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Press kit - Press release - Graph - Xavier Lust


Brussels, Belgium

Xavier Lust

Brussels, Belgium, 2012-04-16 - Xavier Lust’s work is marked by the palpable tension that he gives shapes and by the curves resulting from his experiments with the deformation of metallic surfaces. Faithful to and exalting this idea, the Graph desk reveals a technological knowledge of hot processing of glass that distils Lust’s masterful signature.

What is the history of the Graph desk?
The starting point for everything was a succession of mutual attempts to make my world of lines and volumes converge with the production demands specific to the FIAM plant. It took many years and exchanges before I understood the peculiar qualities of some materials and their capacity for following the twists and turns of my imagination. In 2009, I received a briefing from FIAM proposing that I design a scrivania, which means “writing desk” in Italian. This word isn’t used much in our country, but it is very common in Italian. My thoughts then turned toward the graphic sign, a fast, dynamic, and slanting signature.
In concrete terms, this glass desk was subjected to temperatures above 700°C to fluidize curves and lines.

In what way is this object in keeping with your previous work?
Graph offers an impression of induced movement that is in the same vein as my previous work, like a sign of recognition. Despite its stasis, the object seems to live and radiate inner energy.
The deformation of surfaces with a view to optimizing structures is another recurrent theme of my production, so much so that this “gesture” has become, in a way, my signature.
In general, I am always trying to transcend material constraints. In this case, the critical threshold of the project is to be found at the level of the stability because Graph sits on only three contact points with the floor.

Are you leaving the field of deformed metal, for which you have become well known?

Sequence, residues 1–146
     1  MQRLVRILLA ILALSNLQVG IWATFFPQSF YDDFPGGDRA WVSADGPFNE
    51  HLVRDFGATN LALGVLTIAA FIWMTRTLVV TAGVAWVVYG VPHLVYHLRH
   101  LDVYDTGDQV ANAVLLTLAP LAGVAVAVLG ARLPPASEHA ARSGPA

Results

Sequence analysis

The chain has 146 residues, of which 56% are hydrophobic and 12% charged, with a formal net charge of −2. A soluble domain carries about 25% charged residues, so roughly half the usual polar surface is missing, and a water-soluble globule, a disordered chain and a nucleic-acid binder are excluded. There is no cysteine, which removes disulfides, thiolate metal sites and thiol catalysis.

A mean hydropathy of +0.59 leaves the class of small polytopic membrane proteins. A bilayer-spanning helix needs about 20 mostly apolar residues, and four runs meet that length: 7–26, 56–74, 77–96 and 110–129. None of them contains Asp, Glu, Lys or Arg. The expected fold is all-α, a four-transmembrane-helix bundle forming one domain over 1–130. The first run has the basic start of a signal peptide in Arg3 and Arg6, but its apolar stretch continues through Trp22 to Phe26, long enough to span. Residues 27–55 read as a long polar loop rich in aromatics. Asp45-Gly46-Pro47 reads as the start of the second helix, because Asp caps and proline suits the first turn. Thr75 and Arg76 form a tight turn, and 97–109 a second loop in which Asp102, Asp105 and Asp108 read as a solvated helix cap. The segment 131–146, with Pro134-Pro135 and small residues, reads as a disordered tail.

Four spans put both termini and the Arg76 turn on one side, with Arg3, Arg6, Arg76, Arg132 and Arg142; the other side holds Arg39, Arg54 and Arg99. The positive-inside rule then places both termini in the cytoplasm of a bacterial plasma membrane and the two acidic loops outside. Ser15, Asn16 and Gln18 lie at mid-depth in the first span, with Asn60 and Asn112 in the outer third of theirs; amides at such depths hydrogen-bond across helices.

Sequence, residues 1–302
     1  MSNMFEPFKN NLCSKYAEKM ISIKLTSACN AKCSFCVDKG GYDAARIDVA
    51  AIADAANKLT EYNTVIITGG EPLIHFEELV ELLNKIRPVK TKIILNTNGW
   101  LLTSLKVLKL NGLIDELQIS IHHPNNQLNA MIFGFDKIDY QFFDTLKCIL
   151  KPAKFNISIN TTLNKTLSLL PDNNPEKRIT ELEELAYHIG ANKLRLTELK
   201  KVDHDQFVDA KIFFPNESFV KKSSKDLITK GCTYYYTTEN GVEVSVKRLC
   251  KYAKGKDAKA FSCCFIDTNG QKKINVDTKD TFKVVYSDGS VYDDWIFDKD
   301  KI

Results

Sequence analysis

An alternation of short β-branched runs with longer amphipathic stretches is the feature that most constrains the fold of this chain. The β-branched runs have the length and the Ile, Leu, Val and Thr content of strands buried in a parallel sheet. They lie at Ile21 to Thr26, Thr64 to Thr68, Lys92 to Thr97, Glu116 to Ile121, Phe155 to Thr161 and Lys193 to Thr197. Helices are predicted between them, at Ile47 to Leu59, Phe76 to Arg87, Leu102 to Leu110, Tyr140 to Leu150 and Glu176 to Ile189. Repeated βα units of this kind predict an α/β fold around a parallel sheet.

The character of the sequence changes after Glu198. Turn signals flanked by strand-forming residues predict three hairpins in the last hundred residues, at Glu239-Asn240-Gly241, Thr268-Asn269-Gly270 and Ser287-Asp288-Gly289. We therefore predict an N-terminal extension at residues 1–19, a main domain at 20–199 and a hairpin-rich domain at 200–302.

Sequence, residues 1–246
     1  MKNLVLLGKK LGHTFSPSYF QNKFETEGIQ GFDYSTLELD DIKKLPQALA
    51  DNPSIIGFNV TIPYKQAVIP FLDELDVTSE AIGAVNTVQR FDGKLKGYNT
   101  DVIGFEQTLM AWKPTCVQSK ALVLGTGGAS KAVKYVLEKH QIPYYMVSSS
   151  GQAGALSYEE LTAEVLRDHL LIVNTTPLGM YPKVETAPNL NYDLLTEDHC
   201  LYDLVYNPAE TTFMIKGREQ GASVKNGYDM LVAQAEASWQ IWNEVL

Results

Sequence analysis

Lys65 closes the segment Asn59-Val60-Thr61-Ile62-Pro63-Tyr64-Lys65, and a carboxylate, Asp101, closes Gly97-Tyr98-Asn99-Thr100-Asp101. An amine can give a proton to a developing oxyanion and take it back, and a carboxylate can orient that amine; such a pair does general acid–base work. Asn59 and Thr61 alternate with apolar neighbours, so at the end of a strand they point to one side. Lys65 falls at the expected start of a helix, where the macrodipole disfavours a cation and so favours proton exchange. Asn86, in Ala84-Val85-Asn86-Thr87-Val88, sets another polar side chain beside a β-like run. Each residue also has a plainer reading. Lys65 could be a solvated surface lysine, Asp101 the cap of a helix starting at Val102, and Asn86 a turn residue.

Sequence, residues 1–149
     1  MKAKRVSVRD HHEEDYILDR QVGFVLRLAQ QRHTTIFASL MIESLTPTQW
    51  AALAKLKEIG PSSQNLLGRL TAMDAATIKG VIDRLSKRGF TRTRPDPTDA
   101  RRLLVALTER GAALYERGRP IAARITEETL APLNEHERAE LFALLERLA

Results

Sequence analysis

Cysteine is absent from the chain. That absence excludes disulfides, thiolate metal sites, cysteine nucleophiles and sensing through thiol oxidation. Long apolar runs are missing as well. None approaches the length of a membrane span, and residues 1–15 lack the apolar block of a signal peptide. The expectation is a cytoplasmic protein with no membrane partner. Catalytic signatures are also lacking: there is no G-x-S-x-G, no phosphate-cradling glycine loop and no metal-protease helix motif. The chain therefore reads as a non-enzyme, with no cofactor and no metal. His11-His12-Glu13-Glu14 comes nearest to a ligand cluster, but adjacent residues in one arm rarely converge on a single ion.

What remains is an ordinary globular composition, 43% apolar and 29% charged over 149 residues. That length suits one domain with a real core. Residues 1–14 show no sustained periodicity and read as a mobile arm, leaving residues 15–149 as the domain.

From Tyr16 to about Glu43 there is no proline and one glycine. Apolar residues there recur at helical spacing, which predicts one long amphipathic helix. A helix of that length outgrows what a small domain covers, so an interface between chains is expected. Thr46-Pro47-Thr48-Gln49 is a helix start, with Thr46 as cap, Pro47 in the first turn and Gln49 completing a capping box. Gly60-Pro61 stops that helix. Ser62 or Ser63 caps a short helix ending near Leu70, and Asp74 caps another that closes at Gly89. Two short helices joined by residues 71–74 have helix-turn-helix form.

The deformation of metal surfaces was a stage in the early 2000s, at a time when I was working with very few resources. Now that I am working with Italian design producers (Driade, MDF, Skitsch, Baleri, and so on), I have an opportunity to use more complex and diversified technologies. These producers work on an industrial scale and frequently turn to moulding techniques. I have created, for example, moulded aluminum candelabras; I designed moulded tables made of Cristalplant (a composite resin similar to Corian), chairs made of polypropylene, and so on.
For creation of Graph, I was presented with the opportunity to take the language that I had explored with aluminum further with the hot processing of glass under the aegis of Italian masters in that craft.

Why did you make this change?
First of all, because it’s very exciting to have new experiences, to have new means within my reach, and to benefit from the motivated collaboration of the best factory in the field.
In most cases, it is possible to deform materials to a small proportion without their surface deteriorating. With metals, just as with glass, we work within the limits of this “small” proportion of deformation.
I like this job when it pushes back boundaries and overturns preconceived ideas.

Unlike the postmodernist movement, which endlessly reinterprets past designs, you continue to search.
My credo is more to invent than to reinvent, and sometimes I go against the tide of trends. At the last Maison&Objet show in Paris, I heard comments concerning Graph such as, “It was born vintage” and “It’s a new classic.” I am delighted to hear these remarks, and they are evidence that the baby is doing fine. For me, the interest in creating a design is not that it is associated with a trend, a fashion, or an ever-changing commercial scene – quite the contrary, if it can be self-evident without need of further demonstration, if it has a real reason for existing through its ingenuity, it can also seem timeless.

At the same time, you are exploring another dimension…
Yes. With the Belgian company MGX by Materialise, I produced two very organic lamps showing the infinite possibilities of a technique called stereolithography. In short, this is computer-controlled 3-D printing. In this case, what is extraordinary is that moulding is limitless. It is therefore possible to manufacture very complex objects.

What’s your latest news?
My recent productions will be presented at Milan Furniture Fair, April 16–22, 2012, at the FIAM and MDF Italia stands, and in the city, in the De Padova showroom. At the Triennale di Milano, in addition to having a presence in the “Perspectives” exhibition, I am organizing a special food design event called Insalata Belga to promote Brussellicious, Brussels’s year of gourmet food.

A large number of prototypes of our surface bus shelters for the Brussels Region transport company (STIB) will be installed in 2013. In time, almost 2,000 bus shelters will be installed.

Caption: Desk with 19 mm curved transparent glass base and 15 mm clear glass top, with stainless-steel connecting elements.
220 x 80 x 74 cm 

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